Is your apartment legal and safe?
Two recent college graduates died last June when a fire erupted in the house near Dupont Circle where they rented rooms.
The D.C. Department of Consumer and Regulatory Affairs determined the townhouse was not licensed to rent rooms or apartments.
When property owners rent illegally, the safety of the apartments often is not checked.
But residents can perform easy safety checks to help protect themselves, DCRA Director Melinda Bolling said.
"Simple things save lives," she said.
Here's what you can do to help keep yourself safe:
Check Whether the Property Has the Proper Licenses -- DCRA urges every tenant to confirm online that the building where they live has a basic business license and that the certificate of occupancy matches how the property is used.
These licenses are important because to get approved, a safety inspection must be performed.
Anyone can check the D.C. Property Information Verification System to see if those requirements have been met. Type in your address and click on "BBL" and "Occupancy" to see if the owner of your building is in compliance.
Check Your Smoke Detectors -- Make sure smoke detectors are outside bedrooms and inside each bedroom, and test that they work. In newly constructed apartments, alarms must be hard-wired and interconnected.
Check Your Exits -- Your exit door should not need "keys, special knowledge or effort" to unlock from inside, a DCRA checklist says. The door must lock from the inside and outside.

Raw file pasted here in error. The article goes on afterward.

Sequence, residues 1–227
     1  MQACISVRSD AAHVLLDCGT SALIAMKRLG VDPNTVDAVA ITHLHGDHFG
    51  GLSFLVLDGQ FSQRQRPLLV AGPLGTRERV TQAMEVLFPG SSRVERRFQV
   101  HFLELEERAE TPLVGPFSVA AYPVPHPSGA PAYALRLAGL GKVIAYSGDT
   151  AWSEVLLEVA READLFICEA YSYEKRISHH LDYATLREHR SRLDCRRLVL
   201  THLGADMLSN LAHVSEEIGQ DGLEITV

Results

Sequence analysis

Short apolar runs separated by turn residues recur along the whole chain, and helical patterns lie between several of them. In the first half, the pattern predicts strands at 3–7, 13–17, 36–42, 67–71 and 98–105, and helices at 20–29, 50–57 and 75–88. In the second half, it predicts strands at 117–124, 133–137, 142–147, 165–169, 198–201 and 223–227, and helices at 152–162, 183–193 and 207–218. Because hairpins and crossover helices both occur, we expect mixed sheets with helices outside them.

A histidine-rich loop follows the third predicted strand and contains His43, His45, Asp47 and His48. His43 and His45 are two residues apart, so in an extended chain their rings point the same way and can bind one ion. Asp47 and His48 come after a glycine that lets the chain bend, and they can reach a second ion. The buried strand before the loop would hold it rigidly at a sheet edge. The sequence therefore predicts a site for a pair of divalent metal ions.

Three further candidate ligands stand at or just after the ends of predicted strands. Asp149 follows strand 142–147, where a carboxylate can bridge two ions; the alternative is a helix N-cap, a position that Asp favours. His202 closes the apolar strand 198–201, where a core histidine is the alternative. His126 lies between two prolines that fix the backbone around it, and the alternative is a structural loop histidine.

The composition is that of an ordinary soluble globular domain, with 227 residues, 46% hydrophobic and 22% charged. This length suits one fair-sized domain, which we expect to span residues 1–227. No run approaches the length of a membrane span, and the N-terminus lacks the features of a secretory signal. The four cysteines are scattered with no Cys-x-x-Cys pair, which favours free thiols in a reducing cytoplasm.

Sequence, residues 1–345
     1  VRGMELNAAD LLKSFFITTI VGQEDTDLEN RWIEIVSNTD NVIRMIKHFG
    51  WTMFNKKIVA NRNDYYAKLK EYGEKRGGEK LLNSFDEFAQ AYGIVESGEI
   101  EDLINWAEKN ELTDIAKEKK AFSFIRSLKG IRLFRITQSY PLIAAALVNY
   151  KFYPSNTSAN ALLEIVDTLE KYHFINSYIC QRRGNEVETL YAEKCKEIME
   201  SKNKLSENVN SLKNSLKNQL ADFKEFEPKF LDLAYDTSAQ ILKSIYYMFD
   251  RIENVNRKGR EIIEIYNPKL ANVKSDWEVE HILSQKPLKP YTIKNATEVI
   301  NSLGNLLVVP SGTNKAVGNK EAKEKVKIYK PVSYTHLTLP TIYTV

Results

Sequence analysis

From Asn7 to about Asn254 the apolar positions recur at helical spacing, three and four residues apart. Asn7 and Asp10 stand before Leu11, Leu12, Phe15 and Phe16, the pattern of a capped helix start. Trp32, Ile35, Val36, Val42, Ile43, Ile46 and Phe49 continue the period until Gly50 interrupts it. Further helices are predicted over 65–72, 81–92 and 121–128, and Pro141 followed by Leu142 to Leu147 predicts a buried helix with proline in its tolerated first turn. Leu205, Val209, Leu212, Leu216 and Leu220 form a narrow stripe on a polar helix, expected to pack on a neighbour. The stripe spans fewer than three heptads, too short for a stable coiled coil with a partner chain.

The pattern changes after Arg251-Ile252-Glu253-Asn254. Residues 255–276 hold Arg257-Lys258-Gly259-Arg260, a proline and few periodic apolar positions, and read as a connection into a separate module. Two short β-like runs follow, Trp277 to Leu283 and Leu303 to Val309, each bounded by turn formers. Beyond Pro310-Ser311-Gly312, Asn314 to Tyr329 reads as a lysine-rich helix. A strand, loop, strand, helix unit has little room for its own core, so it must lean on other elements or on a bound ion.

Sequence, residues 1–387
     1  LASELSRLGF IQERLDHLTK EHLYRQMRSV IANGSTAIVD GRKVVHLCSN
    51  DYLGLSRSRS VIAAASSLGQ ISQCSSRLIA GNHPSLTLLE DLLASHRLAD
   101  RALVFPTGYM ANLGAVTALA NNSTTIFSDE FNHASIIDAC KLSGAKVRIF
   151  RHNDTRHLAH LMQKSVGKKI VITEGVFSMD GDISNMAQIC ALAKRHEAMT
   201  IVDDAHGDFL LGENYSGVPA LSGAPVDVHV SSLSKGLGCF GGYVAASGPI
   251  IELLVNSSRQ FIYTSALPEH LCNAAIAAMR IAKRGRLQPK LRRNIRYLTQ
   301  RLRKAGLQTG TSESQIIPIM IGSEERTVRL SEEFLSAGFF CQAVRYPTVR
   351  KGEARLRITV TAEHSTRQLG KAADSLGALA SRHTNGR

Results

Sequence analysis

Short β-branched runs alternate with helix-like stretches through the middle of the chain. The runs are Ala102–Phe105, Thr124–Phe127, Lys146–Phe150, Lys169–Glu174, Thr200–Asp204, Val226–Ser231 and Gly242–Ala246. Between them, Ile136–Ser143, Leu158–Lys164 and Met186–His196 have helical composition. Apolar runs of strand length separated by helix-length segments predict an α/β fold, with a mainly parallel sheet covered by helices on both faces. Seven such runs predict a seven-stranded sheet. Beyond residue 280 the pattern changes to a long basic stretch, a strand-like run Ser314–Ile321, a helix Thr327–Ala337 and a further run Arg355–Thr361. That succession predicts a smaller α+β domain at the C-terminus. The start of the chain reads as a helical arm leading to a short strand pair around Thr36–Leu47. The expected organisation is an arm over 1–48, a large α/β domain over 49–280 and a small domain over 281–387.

Check Your Windows -- Any bars, grilles or grates on your windows must be removable from inside without a key, tool or force no greater than what you would need to break the window. Every bedroom must have a window that opens. Make sure you know two ways out of every room.
Check Your Outlets -- Each room should have two separate electrical outlets that work properly. Do not overload extension cords.
Check Your Heat -- If you do not control the thermostat, the landlord must ensure the temperature is at least 68 degrees during the day and 58 degrees at night in all occupied rooms.
Still Not Sure? -- Anyone who worries an apartment may be hazardous is advised to report it and ask for an inspection.
“If you’re a tenant and you see something in your unit that you think is unsafe, or you just wonder if it’s proper, call us and ask," DCRA spokesman Matt Orlins said. "There's no charge for the inspection, and you’ll know."
If you believe your home has a violation that requires immediate attention, dial 311 or 202-442-9557.